In medical investigations, the computed tomographs are used for measuring living tissues the density of which are very close to the density of water. Therefore, vessel 1 can be filled, for example, with distilled water and the smaller vessels 9 can be filed with some organic substance which is water soluble. Sugar is used for this purpose. Suitable solute concentrations range between 0.1 and 2.0 percent by weight.

When an image is taken with a computer tomograph from the device according to present invention, a picture will be produced. In this picture one can see in the cross cut view of the testing device a circle and inside this usually a few smaller circles. The smaller circles are pictures of the solutions in the smaller vessels 9 which have different absorption properties. Another picture can be made by placing the device into another computer tomograph. The pictures can be compared with each other to find out whether equal number of smaller vessels can be seen. If this is the case, the absorption resolutions of both devices are equally good within the precision that can be obtained with the concentration differences in the liquids in the smaller chambers. The sensitivity of the testing devices can be changed in practice in any desired way by changing concentration differences in the smaller vessels with respect to the large vessel. The device according to present invention is suitable also for the follow up of an imaging quality of an imaging device even daily. By taking a picture of the testing device and comparing the picture with the one taken earlier it is immediately evident whether the absorption resolution has changed or remained the same. The invention has been described above by referring to only one preferred embodiment. It is naturally clear that the explained embodiment is only an example and the invention is not to be limited to the said example. On the contrary many changes in the construction of an apparatus according to the invention are possible without departing from the basic inventive idea expressed in the following patent claims.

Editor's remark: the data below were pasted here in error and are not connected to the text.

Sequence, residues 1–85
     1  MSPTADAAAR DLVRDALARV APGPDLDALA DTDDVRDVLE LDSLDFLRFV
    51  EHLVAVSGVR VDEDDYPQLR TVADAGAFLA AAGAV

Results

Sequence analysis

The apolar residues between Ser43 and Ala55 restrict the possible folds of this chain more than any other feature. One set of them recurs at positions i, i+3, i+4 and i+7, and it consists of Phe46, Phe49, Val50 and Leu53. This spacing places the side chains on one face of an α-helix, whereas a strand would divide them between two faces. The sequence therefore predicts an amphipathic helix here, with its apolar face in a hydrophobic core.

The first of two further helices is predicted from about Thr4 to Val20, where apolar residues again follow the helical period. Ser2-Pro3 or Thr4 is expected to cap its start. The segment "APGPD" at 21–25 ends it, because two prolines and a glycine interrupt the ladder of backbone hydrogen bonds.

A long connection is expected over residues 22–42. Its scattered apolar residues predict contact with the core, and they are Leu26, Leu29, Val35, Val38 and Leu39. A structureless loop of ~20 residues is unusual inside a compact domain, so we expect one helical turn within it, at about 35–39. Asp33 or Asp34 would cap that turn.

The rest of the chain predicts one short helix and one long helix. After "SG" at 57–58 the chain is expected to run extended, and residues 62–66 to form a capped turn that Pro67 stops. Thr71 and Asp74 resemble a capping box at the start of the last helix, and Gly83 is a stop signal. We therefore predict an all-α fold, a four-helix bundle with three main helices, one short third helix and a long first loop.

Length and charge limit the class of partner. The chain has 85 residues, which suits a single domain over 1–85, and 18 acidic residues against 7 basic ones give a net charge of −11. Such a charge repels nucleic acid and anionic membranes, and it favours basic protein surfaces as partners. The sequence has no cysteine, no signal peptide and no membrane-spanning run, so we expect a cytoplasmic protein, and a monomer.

While a specific embodiment of the invention has been shown and described in detail to illustrate the application of the principles of the invention, it will be understood that the invention may be embodied otherwise without departing from such principles.